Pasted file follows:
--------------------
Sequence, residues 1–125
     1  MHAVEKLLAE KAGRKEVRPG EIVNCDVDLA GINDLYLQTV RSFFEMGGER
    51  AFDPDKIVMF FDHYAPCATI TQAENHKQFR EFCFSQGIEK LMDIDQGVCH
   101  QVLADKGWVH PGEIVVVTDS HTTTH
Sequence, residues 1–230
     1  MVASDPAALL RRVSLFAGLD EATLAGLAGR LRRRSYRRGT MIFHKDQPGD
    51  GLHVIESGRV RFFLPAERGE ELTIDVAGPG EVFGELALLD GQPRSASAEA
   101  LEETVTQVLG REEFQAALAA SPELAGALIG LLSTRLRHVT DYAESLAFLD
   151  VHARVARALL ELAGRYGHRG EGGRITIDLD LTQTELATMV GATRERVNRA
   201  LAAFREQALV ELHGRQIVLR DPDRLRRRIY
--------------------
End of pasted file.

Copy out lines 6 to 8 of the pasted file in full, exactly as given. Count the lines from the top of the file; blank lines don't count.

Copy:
     1  MVASDPAALL RRVSLFAGLD EATLAGLAGR LRRRSYRRGT MIFHKDQPGD
    51  GLHVIESGRV RFFLPAERGE ELTIDVAGPG EVFGELALLD GQPRSASAEA
   101  LEETVTQVLG REEFQAALAA SPELAGALIG LLSTRLRHVT DYAESLAFLD